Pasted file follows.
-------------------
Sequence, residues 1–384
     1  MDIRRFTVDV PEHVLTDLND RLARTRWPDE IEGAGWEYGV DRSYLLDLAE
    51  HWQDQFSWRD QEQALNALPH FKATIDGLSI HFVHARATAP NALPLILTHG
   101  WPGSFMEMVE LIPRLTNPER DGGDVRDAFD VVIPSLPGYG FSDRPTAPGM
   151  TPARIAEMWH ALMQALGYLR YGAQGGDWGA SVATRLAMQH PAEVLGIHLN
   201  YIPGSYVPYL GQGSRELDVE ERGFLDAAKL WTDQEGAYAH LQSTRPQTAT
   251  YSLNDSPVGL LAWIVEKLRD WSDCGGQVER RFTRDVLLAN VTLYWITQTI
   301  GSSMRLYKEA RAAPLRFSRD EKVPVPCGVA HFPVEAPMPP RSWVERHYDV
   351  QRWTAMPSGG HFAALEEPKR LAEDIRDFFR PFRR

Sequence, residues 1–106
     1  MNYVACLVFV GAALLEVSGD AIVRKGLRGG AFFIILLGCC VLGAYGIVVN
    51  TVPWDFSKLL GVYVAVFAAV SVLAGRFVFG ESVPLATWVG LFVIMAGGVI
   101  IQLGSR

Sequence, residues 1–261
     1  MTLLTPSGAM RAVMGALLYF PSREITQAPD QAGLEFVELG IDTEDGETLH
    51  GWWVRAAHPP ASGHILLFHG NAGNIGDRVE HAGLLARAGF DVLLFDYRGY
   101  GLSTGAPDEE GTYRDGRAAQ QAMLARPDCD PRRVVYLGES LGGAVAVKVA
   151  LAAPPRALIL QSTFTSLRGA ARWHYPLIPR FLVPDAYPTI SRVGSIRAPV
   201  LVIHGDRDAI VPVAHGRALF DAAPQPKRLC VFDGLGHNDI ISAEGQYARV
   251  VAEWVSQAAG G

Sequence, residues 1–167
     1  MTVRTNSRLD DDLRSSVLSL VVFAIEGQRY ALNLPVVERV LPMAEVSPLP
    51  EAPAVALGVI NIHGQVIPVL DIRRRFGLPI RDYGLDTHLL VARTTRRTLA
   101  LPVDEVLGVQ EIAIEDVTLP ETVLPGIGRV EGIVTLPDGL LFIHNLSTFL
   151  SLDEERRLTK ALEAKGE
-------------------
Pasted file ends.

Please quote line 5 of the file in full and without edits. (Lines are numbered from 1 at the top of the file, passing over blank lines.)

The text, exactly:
   151  TPARIAEMWH ALMQALGYLR YGAQGGDWGA SVATRLAMQH PAEVLGIHLN